Once you read this, you'll understand what I mean when I say that today is a day when I'm shouting inside, "All I ever wanted was a croissant!"

Friday, May 5, 2017

G-Tube Surgery = Success

Monday was a big day for Miss Verity! If she were able to retain and speak about the memories of her experiences during our hospital stay, she would probably first mention how incredibly hungry she was for most of that time, lol. We had to end her feedings by 8am, with surgery prep beginning at noon and the surgery scheduled for 2pm. Unfortunately, the previous surgery ran late, so Verity's didn't begin until 3:00.

The nurses adored and fussed over Verity!

Waiting comfortably in Daddy's arms.

Ted and I waited about an hour while Verity was in the operating room. I confess I was a bit anxious; my stomach was in knots all throughout the morning. It was hard having our baby go into surgery, knowing she would be under anesthesia. Thank the Lord, all went well, and after it was all over, a nurse took me back to the recovery area, where I got to hold Verity and comfort her. I was so thrilled to see how she clearly responded to having Mommy hold her--there was a noticeable difference compared to when the nurse was trying to calm her! I loved that she relaxed in my arms and became more peaceful.

We were only in this "holding area" about 15 minutes, and then Ted joined us and we moved to our overnight room. It was nearly dinnertime by this point, so we got Verity settled and then parted ways: Ted to go home to take care of the rest of the family (who had been holding their own all day, bless them!) and I to the hospital cafeteria to grab a soup and salad to take back up to our room.

Verity was not very happy when I returned and took over from the nurse! But rocking and singing to her helped. I ate my dinner very slowly, one-handed, over the course of an hour and a half before she calmed down a bit. She had to wait 6 hours before feeding, and then when it did start, it was to be the slow, continuous feeding that we typically do at nighttime. That seemed to make sense and lined up with our usual schedule; we began the feed at 9pm, and I pumped and hoped to get a bit of sleep.

HA! By midnight it was apparent that Verity was not interested in sleep whatsoever. She seemed to be in considerable pain, at least according to her screams. (There is nothing wrong with her lungs, that's for sure...) We ended up giving her some more pain medication, but she continued to be unhappy. The nurses were tag teaming with me, trying to help soothe her, but nothing was helping. They wondered if her tummy was not doing well and stopped the feeding, restarting the IV instead.

The night was a blur...there would be times when she would seem to settle, just enough for me to crawl onto the sloped couch, spread a blanket over myself, close my eyes, and...jerk back to reality when she screamed again. I think they did restart her feed at one point only to stop it again. They found an infant swing to bring in when I mentioned that she usually sleeps in our swing at night. That helped for a bit as well. But nothing helped longer than a few minutes at a time.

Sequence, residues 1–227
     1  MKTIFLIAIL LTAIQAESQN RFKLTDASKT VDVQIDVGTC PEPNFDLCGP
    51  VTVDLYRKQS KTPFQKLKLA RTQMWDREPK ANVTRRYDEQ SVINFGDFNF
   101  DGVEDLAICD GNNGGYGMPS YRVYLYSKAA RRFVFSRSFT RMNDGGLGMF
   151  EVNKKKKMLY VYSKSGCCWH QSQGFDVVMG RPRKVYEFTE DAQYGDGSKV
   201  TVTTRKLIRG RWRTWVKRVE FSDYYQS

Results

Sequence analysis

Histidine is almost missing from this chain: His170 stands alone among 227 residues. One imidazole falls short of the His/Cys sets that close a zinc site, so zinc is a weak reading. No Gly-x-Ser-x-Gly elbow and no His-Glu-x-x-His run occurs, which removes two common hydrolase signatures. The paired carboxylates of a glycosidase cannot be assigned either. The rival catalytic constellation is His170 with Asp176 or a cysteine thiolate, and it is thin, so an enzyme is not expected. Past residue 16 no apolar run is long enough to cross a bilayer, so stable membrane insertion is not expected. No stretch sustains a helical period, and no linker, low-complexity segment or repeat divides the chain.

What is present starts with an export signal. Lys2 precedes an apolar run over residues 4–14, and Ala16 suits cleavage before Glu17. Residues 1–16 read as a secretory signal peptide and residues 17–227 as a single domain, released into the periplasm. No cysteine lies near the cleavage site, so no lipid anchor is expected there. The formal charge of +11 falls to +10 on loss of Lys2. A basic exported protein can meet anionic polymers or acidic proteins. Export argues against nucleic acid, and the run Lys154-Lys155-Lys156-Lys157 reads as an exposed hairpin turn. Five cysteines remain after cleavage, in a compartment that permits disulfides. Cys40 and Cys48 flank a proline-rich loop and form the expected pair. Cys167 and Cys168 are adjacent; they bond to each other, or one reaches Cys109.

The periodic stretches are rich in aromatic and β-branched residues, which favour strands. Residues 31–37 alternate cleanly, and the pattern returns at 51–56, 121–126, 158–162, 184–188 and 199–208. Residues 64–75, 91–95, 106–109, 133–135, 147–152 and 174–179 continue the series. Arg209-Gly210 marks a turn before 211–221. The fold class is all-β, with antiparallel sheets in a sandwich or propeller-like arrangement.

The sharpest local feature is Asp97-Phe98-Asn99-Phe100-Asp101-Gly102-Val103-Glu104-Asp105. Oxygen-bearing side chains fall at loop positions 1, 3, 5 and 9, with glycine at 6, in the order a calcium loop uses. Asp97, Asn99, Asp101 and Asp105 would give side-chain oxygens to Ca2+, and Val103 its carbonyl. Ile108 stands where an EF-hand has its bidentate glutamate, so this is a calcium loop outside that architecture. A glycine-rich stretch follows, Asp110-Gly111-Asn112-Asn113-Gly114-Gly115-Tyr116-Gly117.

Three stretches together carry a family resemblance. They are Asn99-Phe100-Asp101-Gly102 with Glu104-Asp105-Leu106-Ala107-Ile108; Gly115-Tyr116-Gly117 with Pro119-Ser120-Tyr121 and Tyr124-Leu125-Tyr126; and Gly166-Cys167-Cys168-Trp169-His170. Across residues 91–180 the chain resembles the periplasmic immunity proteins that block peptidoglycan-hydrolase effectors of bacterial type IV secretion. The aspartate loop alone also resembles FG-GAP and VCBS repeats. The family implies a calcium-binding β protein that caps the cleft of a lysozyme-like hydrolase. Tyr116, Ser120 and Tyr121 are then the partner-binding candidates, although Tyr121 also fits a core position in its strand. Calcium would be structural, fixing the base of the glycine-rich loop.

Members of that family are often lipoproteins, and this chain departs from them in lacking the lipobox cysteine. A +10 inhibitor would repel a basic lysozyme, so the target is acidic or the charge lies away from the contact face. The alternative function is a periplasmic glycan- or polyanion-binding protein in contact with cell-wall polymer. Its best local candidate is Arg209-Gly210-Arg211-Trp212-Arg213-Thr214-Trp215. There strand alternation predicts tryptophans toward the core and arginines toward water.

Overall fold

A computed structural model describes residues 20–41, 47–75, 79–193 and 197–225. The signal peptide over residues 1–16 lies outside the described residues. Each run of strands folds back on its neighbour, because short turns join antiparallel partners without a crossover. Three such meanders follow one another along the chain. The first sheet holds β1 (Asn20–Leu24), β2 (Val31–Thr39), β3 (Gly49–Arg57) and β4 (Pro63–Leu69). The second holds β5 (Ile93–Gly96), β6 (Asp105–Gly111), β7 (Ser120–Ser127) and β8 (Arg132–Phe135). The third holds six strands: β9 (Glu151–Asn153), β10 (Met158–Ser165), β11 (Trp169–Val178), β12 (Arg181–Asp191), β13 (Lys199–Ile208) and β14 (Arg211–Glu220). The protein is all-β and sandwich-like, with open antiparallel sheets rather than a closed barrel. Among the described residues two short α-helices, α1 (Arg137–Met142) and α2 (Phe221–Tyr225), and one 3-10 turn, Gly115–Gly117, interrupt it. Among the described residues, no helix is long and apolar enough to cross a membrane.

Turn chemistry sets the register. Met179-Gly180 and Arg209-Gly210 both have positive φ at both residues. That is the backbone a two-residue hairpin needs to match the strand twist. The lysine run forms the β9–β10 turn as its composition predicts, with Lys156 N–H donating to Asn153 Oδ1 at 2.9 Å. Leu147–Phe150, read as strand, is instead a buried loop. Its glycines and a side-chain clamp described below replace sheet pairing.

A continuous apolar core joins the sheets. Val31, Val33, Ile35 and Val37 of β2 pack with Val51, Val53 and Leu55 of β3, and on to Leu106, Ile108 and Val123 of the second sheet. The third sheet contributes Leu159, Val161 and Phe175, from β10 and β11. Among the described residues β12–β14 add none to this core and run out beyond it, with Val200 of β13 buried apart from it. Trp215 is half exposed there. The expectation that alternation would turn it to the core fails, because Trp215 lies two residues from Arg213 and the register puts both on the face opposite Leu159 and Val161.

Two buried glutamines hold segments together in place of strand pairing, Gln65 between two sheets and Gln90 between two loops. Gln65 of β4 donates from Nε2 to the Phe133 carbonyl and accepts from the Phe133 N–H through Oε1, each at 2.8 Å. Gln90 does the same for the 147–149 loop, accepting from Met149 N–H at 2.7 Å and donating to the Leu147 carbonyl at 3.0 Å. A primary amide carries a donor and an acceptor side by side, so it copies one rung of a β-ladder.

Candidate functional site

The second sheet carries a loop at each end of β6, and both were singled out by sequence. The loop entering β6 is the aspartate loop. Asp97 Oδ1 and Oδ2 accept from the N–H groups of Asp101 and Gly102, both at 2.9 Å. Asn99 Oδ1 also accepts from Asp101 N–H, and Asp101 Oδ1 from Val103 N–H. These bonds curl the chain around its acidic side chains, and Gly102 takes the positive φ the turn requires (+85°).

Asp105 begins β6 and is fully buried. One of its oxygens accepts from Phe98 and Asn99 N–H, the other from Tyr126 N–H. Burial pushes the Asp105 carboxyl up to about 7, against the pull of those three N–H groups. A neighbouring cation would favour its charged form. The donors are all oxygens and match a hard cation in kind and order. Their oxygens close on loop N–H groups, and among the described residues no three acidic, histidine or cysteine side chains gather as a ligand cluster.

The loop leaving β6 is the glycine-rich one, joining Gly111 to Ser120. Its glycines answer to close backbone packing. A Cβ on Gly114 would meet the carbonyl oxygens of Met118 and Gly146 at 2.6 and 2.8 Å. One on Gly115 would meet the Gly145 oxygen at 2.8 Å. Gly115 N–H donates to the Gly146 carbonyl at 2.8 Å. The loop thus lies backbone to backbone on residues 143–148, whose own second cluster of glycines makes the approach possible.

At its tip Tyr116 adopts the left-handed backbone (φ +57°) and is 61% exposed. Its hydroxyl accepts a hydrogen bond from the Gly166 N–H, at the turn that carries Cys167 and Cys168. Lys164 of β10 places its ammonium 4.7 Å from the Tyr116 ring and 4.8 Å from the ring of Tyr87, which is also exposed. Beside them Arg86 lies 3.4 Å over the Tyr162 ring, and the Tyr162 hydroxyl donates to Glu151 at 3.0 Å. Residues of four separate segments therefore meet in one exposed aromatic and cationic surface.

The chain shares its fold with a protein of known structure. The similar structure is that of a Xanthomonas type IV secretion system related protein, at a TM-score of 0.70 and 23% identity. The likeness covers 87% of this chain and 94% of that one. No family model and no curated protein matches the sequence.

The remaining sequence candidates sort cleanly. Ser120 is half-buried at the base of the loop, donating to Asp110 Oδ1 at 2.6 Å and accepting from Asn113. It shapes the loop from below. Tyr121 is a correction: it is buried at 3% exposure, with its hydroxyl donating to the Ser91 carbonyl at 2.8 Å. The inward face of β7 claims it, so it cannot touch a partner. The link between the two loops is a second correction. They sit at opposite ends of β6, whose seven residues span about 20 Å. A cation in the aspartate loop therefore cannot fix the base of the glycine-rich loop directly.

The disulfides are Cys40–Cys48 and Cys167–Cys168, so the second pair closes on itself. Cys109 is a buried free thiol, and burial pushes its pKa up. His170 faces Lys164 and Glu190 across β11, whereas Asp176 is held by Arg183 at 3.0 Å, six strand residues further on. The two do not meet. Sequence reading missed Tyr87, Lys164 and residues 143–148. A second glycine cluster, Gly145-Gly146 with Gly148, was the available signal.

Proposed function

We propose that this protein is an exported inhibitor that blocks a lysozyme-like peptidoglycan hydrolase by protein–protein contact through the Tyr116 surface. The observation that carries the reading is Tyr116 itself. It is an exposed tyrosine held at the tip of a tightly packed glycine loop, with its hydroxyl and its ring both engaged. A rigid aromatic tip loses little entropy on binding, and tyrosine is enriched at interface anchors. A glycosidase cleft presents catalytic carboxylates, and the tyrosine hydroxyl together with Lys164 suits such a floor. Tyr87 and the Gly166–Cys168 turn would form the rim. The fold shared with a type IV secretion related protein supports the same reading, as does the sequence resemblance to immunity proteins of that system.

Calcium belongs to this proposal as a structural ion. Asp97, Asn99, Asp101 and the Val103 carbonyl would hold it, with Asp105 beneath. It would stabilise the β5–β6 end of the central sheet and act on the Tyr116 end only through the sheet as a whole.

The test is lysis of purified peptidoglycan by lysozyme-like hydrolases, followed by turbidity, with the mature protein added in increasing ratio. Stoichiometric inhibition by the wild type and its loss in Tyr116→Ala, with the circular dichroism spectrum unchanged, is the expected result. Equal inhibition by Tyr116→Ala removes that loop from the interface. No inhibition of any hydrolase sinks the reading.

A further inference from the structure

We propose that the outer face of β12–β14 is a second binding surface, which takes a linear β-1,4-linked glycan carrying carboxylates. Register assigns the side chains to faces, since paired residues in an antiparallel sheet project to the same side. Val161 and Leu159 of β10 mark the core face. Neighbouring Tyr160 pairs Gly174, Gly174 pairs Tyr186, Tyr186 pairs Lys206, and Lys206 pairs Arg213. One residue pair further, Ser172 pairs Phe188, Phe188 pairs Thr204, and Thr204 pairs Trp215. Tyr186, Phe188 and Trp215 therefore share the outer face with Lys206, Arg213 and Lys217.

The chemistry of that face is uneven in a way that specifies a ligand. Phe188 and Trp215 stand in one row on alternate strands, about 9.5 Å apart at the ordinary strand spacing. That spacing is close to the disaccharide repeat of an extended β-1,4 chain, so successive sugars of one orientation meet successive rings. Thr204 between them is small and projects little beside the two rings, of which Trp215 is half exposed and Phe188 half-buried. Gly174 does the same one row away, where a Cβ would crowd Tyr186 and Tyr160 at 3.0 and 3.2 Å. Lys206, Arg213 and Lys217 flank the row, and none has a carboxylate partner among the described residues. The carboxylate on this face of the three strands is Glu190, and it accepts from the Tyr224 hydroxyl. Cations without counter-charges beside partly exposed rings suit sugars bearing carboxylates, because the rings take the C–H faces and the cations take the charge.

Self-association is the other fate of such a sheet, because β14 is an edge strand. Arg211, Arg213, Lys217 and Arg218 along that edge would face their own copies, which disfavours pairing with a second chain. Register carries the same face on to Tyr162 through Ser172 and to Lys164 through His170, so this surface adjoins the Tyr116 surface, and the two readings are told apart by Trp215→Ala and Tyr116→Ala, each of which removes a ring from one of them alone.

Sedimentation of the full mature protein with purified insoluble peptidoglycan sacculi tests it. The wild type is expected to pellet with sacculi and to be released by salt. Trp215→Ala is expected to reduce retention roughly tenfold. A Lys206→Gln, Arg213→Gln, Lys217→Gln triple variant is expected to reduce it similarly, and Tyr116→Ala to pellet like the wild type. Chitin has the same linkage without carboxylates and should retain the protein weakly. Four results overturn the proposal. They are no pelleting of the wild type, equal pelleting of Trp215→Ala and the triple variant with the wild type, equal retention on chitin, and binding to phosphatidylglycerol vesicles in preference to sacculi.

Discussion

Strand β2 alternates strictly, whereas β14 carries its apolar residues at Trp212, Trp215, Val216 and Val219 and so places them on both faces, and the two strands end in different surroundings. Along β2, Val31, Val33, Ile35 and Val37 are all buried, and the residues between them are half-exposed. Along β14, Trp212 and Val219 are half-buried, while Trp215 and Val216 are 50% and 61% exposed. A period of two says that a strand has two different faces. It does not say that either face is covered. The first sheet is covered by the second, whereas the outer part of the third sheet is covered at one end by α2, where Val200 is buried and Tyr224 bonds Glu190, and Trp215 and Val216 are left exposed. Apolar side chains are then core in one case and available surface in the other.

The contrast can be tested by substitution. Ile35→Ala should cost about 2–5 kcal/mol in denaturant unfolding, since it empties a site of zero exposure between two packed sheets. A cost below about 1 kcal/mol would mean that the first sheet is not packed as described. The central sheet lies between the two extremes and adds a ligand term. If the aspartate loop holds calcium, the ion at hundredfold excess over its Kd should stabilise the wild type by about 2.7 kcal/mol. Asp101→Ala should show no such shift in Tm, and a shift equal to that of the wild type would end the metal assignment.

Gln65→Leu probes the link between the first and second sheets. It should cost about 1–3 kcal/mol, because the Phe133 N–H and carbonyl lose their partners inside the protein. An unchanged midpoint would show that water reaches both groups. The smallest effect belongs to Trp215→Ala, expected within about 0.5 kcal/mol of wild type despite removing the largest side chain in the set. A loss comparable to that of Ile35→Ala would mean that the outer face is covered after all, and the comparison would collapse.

I was sure that Verity just needed a good meal! Of course I don't doubt she was experiencing pain as well, but by 5am, when she was just plain mad, I begged the nurses to PLEASE resume her feed. Imagine if you hadn't eaten for 13 hours, and then when you were finally allowed to eat, you were given one bite of bread every 10 minutes. Would that help you?! I think not! That must be similar to how Verity was feeling! Girlfriend likes her food!!

After going up the chain of command, we got the approval to resume the feeding and stop the IV. (You may hear my eyeballs rolling here...why would a mama not be allowed to feed her baby?! Yes, I understand the surgery and all...but really!) So feeding resumed...and she fell asleep. Hooray! At 6:10am the residents barged in to wake me up and ask me questions. Having just gotten about 20 minutes of sleep (double the amount I had gotten the rest of the night), I was rather disgruntled, and even more so when I realized they had awakened Verity, too. UGH. I held her in the rocking chair and we both dozed off and on until they came an hour later to stop the continuous feed.

But! Proving my point, at 8:00 when we started her full feeding (60ml over a half hour), oh! Was she ever so much more content! She did continue to make little shuddering sighs/moans now and then, similar to the nights after she got new casts on her feet/legs. But it was SO much better. Her little voice was hoarse from all the screaming during the night! By 9am she was resting well enough that I felt comfortable telling the nurse that I was going to go grab breakfast.

In the cafeteria I was able to meet up with another T18 mama! Paige and I had connected via Facebook soon after our diagnosis, and I've followed Addilyn's journey online as well. It was nice to meet in person and chat awhile!

Back in our room, I prepped for Verity's 11:00 feeding, during which I received the G-tube training needed to bring our girl back home and care for her ourselves. I posted this video on Verity's Facebook page with permission from the mama who made it, so if you're curious about what exactly a G-tube is, what it looks like, and how it works, take 6 minutes and check it out! I watched it before the consultation with the surgeon and then showed it to Ted the day of Verity's surgery. It's interesting and was super helpful for me in mentally getting ready for this change.

This is how I found her after I got back from breakfast;
I don't think she missed me a bit!

Ted arrived after his morning work meeting, so together we went over the instructions for using the G-tube for both feedings and medications, cleaning it, venting it (when her tummy needs to release some gas), and general site care. I was just so eager to leave the hospital and get home to NAP!

Now we are at the end of the week. I am happy to say the G-tube has not been yanked out, lol, and Verity's pain seems greatly subsided. I'm still cautious with holding her and don't even like to put her up on my shoulder to burp in case it's still tender. We give her an extra layer of cloth over the belly area when buckling her in her car seat as well. At the 2-month check-up yesterday, our pediatrician said the site looks good. There is some redness but not bad, and some inflammation is to be expected.

We continue to work on oral feeding as time and interest allow, but in the meantime, what a relief to finally be rid of the nasal-gastric tube and see Verity's sweet little face!